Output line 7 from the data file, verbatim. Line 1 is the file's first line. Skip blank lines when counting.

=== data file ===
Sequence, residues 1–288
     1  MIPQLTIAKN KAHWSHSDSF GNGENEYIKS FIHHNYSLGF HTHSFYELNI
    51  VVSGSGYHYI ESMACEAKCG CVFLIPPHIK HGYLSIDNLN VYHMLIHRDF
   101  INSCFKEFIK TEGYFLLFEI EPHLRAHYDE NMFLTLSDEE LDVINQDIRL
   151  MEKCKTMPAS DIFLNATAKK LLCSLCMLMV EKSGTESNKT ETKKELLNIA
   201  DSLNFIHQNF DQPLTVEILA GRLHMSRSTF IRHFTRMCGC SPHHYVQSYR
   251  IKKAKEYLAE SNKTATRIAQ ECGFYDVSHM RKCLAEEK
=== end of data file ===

   251  IKKAKEYLAE SNKTATRIAQ ECGFYDVSHM RKCLAEEK